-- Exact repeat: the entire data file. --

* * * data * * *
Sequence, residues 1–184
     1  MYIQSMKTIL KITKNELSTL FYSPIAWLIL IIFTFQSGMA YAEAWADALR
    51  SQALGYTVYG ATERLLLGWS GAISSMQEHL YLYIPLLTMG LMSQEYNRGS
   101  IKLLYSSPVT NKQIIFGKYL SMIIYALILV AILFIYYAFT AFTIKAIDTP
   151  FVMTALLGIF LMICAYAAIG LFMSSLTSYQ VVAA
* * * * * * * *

Sequence, residues 1–184
     1  MYIQSMKTIL KITKNELSTL FYSPIAWLIL IIFTFQSGMA YAEAWADALR
    51  SQALGYTVYG ATERLLLGWS GAISSMQEHL YLYIPLLTMG LMSQEYNRGS
   101  IKLLYSSPVT NKQIIFGKYL SMIIYALILV AILFIYYAFT AFTIKAIDTP
   151  FVMTALLGIF LMICAYAAIG LFMSSLTSYQ VVAA